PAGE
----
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DOG RESCUE - GONE TO THE DOGS?
Rescue groups and animal transports may be dumping dogs, thus contributing to dangerous dog packs and “feral” dog attacks.
October 2011 | TheDogPress
Nel Liquorman, Investigative Reporter
The increase in urban dog packs are a serious risk to residents and “wild dogs” pose a very real threat to livestock, hikers, and campers. Why and how this is happening turned out to not be much of a puzzle.
When we covered the new Canine Underground Railroad (CUR), it initiated contact from an original member who said that CUR was a noble conception but that it had ended in 2001. Perhaps, but CUR’s internet presence and listing on Animal Liberation Front’s (ALF) short list of Animal Rights Organizations, along with our source’s recognition of current CUR member names, leads us to believe that CUR just morphed into something that can be much less noble today. There are countless rescuers, animal transporters, and groups using CUR in their name. Chances are they do not know that ALF laid claim to the term “canine underground railroad” decades ago but it is within reason to believe that some rescue groups still embrace Animal Rights agendas.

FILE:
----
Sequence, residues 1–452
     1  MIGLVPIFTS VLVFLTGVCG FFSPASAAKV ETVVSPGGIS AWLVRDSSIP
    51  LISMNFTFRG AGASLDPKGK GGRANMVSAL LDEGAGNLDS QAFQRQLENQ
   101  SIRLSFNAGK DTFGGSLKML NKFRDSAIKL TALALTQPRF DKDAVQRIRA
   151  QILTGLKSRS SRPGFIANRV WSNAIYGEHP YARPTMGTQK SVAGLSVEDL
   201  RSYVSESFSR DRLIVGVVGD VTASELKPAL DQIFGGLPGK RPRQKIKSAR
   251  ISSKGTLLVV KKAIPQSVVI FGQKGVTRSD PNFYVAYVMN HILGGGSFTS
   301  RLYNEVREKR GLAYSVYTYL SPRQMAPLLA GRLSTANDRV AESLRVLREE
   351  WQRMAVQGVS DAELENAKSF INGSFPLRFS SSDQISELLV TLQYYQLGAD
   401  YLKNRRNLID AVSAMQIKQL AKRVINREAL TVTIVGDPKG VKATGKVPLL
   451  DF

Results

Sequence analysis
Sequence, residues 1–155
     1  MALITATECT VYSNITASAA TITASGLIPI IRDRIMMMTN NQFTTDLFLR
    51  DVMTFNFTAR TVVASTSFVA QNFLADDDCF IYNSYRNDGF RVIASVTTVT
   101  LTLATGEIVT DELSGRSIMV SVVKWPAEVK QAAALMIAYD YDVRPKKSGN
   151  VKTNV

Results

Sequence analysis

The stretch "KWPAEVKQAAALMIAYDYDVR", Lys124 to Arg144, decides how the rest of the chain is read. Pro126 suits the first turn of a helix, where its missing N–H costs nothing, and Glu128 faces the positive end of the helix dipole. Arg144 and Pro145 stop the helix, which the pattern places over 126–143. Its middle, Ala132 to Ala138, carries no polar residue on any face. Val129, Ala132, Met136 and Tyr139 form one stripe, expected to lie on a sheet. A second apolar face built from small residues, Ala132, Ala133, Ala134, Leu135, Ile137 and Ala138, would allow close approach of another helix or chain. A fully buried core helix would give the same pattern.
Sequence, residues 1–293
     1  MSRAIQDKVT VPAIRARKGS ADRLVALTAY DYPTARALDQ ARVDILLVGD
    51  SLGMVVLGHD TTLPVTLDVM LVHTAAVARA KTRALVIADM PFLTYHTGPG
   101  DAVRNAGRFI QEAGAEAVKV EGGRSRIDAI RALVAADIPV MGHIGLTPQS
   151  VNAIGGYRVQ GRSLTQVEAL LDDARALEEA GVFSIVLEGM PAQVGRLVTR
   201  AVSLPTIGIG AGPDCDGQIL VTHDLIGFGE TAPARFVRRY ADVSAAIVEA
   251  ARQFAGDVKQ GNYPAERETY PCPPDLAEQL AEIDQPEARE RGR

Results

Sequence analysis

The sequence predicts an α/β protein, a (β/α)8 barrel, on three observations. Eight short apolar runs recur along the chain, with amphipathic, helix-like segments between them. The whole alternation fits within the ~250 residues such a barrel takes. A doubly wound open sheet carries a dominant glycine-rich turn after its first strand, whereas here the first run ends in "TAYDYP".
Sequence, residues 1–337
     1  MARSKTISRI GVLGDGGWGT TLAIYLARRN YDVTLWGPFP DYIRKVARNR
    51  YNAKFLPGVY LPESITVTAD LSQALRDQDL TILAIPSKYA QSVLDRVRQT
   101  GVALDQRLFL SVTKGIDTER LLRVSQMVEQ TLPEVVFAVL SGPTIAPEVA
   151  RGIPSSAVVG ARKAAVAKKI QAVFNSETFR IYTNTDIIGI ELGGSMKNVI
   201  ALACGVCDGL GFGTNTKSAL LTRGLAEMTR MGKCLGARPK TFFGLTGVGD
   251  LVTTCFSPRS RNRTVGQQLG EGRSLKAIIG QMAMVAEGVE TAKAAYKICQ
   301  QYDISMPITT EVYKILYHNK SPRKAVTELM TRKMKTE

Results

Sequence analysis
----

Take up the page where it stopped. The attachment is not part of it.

Dumping of dogs by unscrupulous transporters will bring about even more legislation adversely affecting pet owners and dog breeders. Animal Rights organizations are generally in favor of more animal laws, therefore most of them would have no compunction about releasing the dogs.
Facts On Feral “Wild” Dog Packs
* Reports of packs of dogs terrorizing neighborhoods surfaced in the Los Angeles Times as early as 1995 but by 2010 there was an alarming upsurge of dogs running in packs.
* Not coincidentally, we discovered that dogs are dumped into neighborhoods and rural areas across the country
* The upsurge in dog dumping is surprising due to an abundance of shelters, more transporters, and wonderful publicity for dogs in need of homes. TV shows promote rescue work, celebrities do commercials for donations to fix the homeless pet problem, and even pet food stores are getting in on the act of finding homes and transporting animals.
It seems however, that more problems are being created than are being solved, so I decided to investigate. With only a little effort, I found the following:
In 2003, National Geographic News reported packs of wild dogs roaming the USA, living in abandoned buildings or junked cars, even taking shelter in sewers. These are not likely to actually be wild dogs but just dogs left to their own defenses. Could this be the result of animals that are being badly managed by rescue groups in charge of their care?
One government report stated that feral dogs in 50 states caused damages estimated at $620 million annually. Referring to these dogs as feral (born in the wild) is probably inaccurate. When abandoned or dumped, domestic dogs form into packs, roaming neighborhoods and agricultural areas, surviving mainly on garbage. Documentaries of street dogs in large cities have shown that they can adapt quite well, some even ride the subway!